Covid-19 Cluster at Victoria Meat Plant Grows

May 4, 2020 Updated: May 4, 2020

Victorian businesses which have taken a significant hit to their turnover during the COVID-19 pandemic will be exempt from payroll tax.

A swag of fines and fees will also be frozen at their current rate to ease the cost of living in Victoria, under a new $491 million relief package from the state government.

The measures come as a COVID-19 outbreak at a Victorian meat processing facility continues to grow, with almost a dozen extra cases linked to the plant.

Treasurer Tim Pallas on May 5 confirmed 17 new cases of COVID-19 in the state, bringing the tally so far to 1423.

Eleven of the new cases are connected to a cluster of infected workers at the Cedar Meats facility in Brooklyn.

All 350 staff were tested for COVID-19 by May 1 and the site has been shut down, with a total of 45 cases now linked to the facility.

On a day when he was meant to deliver Victoria’s now-delayed budget, Pallas instead revealed an extra $491 million in virus relief measures.

Businesses participating in the federal government’s JobKeeper scheme will be exempt from payroll tax, at a cost of about $225 million to the state.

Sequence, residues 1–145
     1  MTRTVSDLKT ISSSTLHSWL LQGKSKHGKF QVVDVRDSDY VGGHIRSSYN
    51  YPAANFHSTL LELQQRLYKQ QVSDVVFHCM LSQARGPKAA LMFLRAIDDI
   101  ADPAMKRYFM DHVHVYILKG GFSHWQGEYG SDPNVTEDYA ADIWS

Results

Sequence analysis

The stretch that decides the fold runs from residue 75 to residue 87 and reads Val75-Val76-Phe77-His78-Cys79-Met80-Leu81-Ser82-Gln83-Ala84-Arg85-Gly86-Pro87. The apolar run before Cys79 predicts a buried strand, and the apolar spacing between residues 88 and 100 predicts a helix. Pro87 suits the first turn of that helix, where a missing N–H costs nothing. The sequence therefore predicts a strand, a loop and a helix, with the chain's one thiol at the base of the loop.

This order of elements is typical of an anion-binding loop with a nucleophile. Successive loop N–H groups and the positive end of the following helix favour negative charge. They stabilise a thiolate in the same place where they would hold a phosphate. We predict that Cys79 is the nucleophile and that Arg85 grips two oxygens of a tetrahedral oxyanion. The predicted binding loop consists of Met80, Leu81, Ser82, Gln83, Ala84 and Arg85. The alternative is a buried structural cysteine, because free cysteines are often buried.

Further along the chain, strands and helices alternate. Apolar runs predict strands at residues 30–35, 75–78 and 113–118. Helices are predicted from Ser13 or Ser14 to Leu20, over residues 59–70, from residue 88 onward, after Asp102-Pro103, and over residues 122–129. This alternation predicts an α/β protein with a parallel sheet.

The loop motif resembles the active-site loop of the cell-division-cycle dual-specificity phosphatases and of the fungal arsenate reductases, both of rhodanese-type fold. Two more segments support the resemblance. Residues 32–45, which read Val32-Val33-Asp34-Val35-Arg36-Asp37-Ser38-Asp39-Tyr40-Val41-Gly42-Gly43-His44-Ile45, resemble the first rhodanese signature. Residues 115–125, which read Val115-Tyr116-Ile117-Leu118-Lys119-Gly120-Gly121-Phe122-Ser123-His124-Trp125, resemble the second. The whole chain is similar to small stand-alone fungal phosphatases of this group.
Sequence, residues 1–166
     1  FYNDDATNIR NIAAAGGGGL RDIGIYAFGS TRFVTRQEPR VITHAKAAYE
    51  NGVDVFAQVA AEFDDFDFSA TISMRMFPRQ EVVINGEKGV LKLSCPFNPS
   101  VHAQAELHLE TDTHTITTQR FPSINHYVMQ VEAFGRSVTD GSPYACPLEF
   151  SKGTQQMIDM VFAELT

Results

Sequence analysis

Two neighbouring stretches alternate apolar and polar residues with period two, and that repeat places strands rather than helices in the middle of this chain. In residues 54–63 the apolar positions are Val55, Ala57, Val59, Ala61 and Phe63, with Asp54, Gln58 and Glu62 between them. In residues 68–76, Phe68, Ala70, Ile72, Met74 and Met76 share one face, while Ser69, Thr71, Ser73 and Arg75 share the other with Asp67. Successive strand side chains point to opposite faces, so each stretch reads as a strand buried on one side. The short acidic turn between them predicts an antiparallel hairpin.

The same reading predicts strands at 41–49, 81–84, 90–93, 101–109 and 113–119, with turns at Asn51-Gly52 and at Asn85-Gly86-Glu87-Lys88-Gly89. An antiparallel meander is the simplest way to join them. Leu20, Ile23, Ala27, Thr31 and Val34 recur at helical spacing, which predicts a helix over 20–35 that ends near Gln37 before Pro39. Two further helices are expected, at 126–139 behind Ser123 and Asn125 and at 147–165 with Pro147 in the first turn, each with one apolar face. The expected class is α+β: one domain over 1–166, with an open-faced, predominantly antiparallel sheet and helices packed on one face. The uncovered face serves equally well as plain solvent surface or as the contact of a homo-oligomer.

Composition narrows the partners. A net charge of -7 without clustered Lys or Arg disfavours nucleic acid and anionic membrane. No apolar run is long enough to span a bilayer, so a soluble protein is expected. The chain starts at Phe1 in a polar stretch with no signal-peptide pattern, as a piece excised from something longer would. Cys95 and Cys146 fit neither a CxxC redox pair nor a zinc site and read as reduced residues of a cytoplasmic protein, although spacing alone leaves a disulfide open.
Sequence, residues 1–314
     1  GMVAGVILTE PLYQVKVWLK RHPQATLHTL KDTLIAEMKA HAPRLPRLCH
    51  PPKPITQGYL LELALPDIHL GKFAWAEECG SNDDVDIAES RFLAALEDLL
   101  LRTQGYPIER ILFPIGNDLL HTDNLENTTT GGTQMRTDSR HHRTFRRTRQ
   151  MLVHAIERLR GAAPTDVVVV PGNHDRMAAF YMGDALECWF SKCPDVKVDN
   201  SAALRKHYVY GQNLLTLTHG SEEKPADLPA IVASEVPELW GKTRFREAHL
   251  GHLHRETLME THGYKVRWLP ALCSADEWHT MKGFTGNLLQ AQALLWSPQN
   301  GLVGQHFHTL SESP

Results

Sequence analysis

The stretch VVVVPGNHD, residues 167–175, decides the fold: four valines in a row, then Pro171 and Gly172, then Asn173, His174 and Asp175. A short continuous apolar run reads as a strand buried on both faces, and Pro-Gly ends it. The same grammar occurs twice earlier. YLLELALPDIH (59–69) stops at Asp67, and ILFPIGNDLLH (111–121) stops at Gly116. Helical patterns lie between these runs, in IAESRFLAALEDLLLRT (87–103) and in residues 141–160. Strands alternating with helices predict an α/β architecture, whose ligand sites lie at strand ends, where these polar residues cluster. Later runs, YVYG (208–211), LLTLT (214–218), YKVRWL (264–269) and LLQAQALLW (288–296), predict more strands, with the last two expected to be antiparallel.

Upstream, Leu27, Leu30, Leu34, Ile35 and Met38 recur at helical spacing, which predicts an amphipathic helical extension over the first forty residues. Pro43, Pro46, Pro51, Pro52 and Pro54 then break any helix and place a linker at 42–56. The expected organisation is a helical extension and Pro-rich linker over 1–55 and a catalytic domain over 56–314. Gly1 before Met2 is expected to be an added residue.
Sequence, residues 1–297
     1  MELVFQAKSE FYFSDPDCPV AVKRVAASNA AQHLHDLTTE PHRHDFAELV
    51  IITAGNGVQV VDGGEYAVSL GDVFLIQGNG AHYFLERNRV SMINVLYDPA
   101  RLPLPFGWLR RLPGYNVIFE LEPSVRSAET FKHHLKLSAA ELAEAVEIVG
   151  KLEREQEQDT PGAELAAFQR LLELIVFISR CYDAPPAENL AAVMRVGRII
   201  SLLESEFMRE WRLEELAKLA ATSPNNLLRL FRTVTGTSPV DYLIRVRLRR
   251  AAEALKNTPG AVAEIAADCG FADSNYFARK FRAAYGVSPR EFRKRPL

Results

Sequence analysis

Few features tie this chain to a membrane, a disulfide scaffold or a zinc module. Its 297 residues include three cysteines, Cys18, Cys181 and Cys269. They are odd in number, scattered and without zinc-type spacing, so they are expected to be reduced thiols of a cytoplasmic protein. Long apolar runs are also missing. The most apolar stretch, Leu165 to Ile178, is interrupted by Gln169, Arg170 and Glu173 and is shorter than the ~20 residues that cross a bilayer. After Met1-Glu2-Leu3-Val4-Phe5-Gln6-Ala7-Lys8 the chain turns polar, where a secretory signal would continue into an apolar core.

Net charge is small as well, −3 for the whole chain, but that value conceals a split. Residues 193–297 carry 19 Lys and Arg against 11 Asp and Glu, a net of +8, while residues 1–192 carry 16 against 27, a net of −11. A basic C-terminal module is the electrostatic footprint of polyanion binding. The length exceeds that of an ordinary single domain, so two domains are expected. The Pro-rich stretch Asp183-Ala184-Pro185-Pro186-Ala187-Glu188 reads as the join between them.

They also won’t have to pay WorkCover premiums on payments to their employees if their staff are currently stood down, costing the state about $200 million.

There are more than 80,000 businesses in Victoria who are either participating in JobKeeper or have expressed interest in doing so.

Some fines and fees will also be kept at their current rates in the coming year to save Victorians from coughing up about $66 million.

They include drivers licences and vehicle registration and the fire services property levy.

“The last thing we want to do is to add to pressures on people who are currently dealing with the difficulties associated with the pandemic event,” Pallas told reporters.

Asked why the state government hasn’t waived fees for drivers completely, the treasurer noted conditions are expected to improve in the coming financial year.

“There will be value for the community as economic recovery picks up, and that’s why we’ve taken the freeze that a freeze is probably the fairest way of managing this,” he said.

The package comes as the state’s Public Accounts and Estimates Committee has begun a public inquiry into the Andrews’ government’s response to the pandemic.

The City of Melbourne will also be issuing free temporary parking permits to up top 8000 frontline workers responding to COVID-19.

Victoria Police fined 26 people for breaching COVID-19 restrictions in the 24 hours to Monday night, including a man found with an escort he had sourced online.

By Marnie Banger and Benita Kolovos